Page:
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Legal climate, workforce, transportation — Session’s first half brings hope for progress

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New leadership in the governor’s office, House and Senate and a large class of enthusiastic freshmen legislators helped make for a productive first two months of the 2019 Missouri Legislative Session. As lawmakers depart for their annual spring break, they have made headway toward addressing some of the most important issues facing our state: improving our legal climate, preparing our workforce and investing in our transportation infrastructure. This work all aligns with the Missouri 2030 strategic initiative by the Missouri Chamber of Commerce and Industry.

While no legislation of note to the business community has been sent to the governor’s desk thus far, the Missouri General Assembly’s work early this session has the legislature poised to make 2019 a historic year of progress.

Reforming our legal climate

Businesses have long faced an uphill battle in some Missouri courtrooms. While this is bad news for Missouri’s business community, it also harms businesses nationwide. Today, trial attorneys are adept at using flaws and loopholes in Missouri law to move their cases to the state’s most plaintiff-friendly jurisdictions with a history of windfall-size judgements.

This year, Missouri lawmakers are considering numerous bills to address this problem, including several pieces of legislation that are steadily advancing through the legislature. The focus on legal climate reform is needed as decisions from the state’s courtrooms continue to detract from Missouri’s otherwise strong business environment. Missouri and St. Louis City consistently rank as having some of the worst legal climates in the nation, a negative reputation that hurts our ability to be competitive for economic growth opportunities.

Venue and joinder reform is considered an essential piece to this year’s work to improve Missouri’s legal climate. House and Senate bills on this issue would fix a longstanding issue which allows lawsuits with little-or-no connection to Missouri to be filed in plaintiff-friendly St. Louis and Kansas City courts. Sen. Ed Emery, a Republican from Lamar, illustrated the problem early in session by citing statistics from St. Louis, where Missouri residents comprise only 1,035 of the 13,252 mass tort plaintiffs involved in cases.

Sen. Emery’s Senate Bill 7 has already passed the Senate and has been heard in a House committee. Another bill addressing venue and joinder reform, House Bill 231 by Rep. Glen Kolkmeyer, a Republican from Odessa, is awaiting a vote on the House floor.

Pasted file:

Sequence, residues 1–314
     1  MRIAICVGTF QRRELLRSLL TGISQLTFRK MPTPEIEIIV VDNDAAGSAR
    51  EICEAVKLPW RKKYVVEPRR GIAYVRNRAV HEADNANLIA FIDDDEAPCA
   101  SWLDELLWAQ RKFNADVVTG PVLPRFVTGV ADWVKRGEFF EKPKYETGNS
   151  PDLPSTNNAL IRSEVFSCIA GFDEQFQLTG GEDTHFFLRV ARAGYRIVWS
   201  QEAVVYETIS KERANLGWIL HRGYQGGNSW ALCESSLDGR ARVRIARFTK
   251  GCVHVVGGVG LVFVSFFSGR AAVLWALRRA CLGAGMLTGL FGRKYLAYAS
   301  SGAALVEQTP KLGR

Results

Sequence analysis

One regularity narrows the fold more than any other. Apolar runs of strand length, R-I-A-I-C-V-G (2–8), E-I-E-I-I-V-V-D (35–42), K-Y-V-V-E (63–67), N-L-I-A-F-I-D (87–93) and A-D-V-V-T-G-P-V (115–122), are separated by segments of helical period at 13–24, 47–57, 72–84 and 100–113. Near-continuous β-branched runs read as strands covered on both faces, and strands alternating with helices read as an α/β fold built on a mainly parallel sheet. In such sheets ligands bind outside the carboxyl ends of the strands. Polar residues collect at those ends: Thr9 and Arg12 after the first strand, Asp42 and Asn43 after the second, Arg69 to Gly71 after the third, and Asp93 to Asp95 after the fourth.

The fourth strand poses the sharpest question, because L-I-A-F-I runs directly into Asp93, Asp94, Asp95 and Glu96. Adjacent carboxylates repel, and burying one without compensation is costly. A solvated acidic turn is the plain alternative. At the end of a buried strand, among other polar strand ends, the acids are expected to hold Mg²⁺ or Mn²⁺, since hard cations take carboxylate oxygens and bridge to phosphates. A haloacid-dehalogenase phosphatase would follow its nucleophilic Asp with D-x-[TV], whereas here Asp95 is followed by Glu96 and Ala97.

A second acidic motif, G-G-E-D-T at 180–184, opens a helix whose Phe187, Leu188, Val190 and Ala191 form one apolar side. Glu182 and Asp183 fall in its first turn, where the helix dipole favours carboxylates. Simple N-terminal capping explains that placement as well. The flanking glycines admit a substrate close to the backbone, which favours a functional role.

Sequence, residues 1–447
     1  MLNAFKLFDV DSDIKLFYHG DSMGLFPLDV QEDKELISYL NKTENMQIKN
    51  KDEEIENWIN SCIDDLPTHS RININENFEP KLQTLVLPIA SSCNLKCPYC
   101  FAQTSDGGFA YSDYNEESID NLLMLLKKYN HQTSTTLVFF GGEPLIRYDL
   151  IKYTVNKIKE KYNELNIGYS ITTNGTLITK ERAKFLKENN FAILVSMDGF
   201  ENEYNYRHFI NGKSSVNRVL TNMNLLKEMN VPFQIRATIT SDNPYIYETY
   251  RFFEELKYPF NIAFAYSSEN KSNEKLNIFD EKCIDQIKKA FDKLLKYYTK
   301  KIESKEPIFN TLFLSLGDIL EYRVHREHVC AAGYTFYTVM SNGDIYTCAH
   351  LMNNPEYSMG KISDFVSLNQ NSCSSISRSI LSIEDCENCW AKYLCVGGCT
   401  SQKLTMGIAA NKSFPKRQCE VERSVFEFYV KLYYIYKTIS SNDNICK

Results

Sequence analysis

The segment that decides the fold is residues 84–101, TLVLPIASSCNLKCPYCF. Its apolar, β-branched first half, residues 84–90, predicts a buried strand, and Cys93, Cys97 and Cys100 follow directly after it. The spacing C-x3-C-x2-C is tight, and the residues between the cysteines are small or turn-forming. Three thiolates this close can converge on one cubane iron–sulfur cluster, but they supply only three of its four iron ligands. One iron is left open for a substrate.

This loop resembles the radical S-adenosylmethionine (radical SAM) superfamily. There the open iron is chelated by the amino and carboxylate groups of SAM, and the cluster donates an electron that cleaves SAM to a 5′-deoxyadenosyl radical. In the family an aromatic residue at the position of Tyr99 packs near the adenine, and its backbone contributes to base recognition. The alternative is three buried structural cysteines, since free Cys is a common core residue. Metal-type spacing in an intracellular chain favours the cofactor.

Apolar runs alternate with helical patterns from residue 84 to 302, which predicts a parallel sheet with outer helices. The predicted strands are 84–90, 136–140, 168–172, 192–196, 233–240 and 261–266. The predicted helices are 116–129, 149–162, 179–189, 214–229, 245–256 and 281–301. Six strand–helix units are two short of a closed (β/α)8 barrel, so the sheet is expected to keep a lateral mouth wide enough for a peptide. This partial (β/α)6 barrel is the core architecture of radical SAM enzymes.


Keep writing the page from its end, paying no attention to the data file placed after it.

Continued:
While venue and joinder reform is essential to addressing Missouri’s legal climate issues, it is just one piece of the multifaceted approach lawmakers are taking to bring fairness to our state’s courtrooms.

Lawmakers are also working on positive legislation that would:

  • Stop trial attorneys from abusing the state’s consumer protection act.
  • End the overuse of punitive damages.
  • Halt double-dipping in asbestos claims.
  • Shield small local businesses from being pulled into national franchise lawsuits.
  • Bolster and protect employment arbitration.
  • Create reasonable time limits for product liability lawsuits.

“It is encouraging to see such a robust effort to bring fairness to our state’s court system. Missouri lawmakers clearly understand that this is a critical issue for our state’s business community,” said Daniel P. Mehan, Missouri Chamber president and CEO. “We can no longer afford for Missouri to be a dumping ground for high-stakes, high-cost litigation from across the country. These excessive lawsuits are burdening our courtrooms, slowing our legal system and costing taxpayers. While lawmakers have made great progress early this session, the hardest work is still to come. The Missouri Chamber will continue to advocate for the business community on this issue and we feel confident that major progress will be made this session.”

Preparing the workforce

The ability to access a skilled workforce remains a top concern for employers across Missouri. Only 44 percent of the state’s employers are satisfied with the availability of skilled employees, according to the Missouri 2030 Gallup survey. Furthermore, only 15 percent said they think Missouri high school graduates are prepared for the workforce.

Gov. Mike Parson has made addressing this problem one of the core goals for his administration. Early in session, he used his State of the State speech to reveal his vision for a program called Fast Track. This proposal would create a grant program that would enable Missourians to enhance their job skills. While the specifics of the proposal are still in discussion in the legislature, the proposal could help 16,000 Missourians strengthen their skills and prepare for work in high-demand jobs.

The legislation aligns with a recommended action item in the Missouri Chamber’s Workforce2030 Report released last year. According to the report, written by a nationally recognized economist, “upskilling efforts targeted at these adults could have a significant impact on the quantity and quality of our state’s workforce.”